I am working my way through an Masters and as assignments are completed and results have come back, I would like to put them online as a way of contributing back to the community.

However generally I do not see people doing this. Is there an etiquette or other implications that I am not considering?

  • 4
    Just curious, in what way do you think you are contributing to the community? Which community? Jun 1, 2014 at 9:27
  • I would speak to someone at your university. I know where I currently do my Masters, this is frowned on. If I were to do this, I would be considered to be "aiding plagiarism" and could be booted from the degree. Once you graduate however, this matters less.
    – Carl
    Jun 2, 2014 at 6:49
  • @DaveClarke We were asked to research current issues in networking, my assignments is kind of a current state of the research and development of the bufferbloat problem. My paper focuses on how we got to where we are and the 3 main current developments: uTP for Bittorrent, fq_codel and Microsofts ctcp. Through all my research, I never came across a document that covered all three groups. Jun 2, 2014 at 9:10

2 Answers 2


In my alma mater, this is indeed common. The student representatives actually maintain a repository of exam answers and assignment solutions for all large classes. Contributing to such a repository seems better than putting it online on your own web page or GitHub, because you need to think about how the students coming after you actually find your material.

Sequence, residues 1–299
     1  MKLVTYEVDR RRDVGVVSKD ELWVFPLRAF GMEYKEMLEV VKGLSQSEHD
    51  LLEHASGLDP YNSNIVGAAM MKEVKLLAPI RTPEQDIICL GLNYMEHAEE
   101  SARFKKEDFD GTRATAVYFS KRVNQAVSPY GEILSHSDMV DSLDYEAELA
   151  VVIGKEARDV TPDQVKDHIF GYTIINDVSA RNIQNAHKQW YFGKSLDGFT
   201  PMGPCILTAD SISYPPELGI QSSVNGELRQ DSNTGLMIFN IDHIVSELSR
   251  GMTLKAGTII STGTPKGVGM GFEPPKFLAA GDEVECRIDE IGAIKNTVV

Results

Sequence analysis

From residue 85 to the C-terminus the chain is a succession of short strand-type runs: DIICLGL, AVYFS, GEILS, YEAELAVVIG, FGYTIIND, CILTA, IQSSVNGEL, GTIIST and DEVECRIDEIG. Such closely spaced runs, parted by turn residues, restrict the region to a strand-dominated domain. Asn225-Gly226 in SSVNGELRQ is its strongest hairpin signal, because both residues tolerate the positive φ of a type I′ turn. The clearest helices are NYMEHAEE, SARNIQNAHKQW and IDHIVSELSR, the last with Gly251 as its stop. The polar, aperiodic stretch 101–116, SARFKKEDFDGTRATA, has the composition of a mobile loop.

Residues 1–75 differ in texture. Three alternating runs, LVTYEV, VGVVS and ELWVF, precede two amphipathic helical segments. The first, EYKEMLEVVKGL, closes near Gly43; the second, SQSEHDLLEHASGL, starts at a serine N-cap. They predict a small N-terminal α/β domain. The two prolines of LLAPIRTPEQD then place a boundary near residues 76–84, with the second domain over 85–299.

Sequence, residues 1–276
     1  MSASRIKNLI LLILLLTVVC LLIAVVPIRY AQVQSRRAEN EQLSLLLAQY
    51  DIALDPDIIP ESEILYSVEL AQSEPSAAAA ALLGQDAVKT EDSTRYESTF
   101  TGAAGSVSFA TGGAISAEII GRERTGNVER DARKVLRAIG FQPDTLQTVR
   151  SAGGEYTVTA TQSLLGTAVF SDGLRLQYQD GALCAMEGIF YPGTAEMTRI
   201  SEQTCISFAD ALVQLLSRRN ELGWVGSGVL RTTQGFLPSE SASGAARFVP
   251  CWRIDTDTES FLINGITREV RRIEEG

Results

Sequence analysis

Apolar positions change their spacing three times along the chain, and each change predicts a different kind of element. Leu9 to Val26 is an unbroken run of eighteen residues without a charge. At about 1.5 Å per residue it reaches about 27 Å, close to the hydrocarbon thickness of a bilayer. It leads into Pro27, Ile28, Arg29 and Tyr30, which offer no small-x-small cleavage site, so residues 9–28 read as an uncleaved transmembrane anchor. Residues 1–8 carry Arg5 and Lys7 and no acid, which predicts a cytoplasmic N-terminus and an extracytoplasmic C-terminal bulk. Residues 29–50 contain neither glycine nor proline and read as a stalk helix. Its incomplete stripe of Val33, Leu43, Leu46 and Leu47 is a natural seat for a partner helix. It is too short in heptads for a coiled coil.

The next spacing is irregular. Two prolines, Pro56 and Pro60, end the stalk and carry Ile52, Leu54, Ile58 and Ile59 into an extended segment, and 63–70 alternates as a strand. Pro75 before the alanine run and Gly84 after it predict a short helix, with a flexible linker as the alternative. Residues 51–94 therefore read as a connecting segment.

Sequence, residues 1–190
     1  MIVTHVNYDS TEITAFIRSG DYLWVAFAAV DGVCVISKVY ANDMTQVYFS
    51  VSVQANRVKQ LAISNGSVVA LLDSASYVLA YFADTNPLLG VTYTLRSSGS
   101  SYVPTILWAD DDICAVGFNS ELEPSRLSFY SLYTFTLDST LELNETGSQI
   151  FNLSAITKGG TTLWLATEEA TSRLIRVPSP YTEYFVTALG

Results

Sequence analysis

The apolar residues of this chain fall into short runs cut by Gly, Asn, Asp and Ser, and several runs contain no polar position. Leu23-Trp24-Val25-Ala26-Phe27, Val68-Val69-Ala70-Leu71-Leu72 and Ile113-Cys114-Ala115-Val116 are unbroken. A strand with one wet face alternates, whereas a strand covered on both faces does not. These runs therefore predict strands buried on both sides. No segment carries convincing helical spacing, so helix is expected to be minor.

As for other implications: the only thing that I can think of is that lecturers are sometimes not all that happy about this practice, as it makes re-using assignments from previous years more difficult. However, that's not actually that big of a deal, as most lecturers will assume that the solutions to re-used assignments are somewhere out there anyway, and adapt grading respectively.


One point to be considered is that the task might be recycled in the future and putting your solution online might be regarded as helping unknown future asignees cheating. Whether and to which extent this is an issue depends very much on the nature of the task and, of course, whether you have to expect the task to be recycled at all.

The only comparable case from my own studies were reports from the advanced physics lab course, where every student has been given the same tasks for years. Nontheless, there were quite a few past reports to be found online (mine among them) but stupid copying from them was quite risky as the tutors also were aware of this (and sometimes even were the authors of said old reports). Rather, old reports were often a much better preparation for the course than the actual manuals as the latter were usually didactically awful and at times even incorrect. I even “cited” an old report once or twice because it was the only available source for some crucial information. And even if the manual was good, having a different explanation of the same thing is beneficial to understanding it as it also depends on the reader what is a god explanation for him or her. All in all, I would say that the existence of old reports had a huge positive pedagogical effect on me and others.

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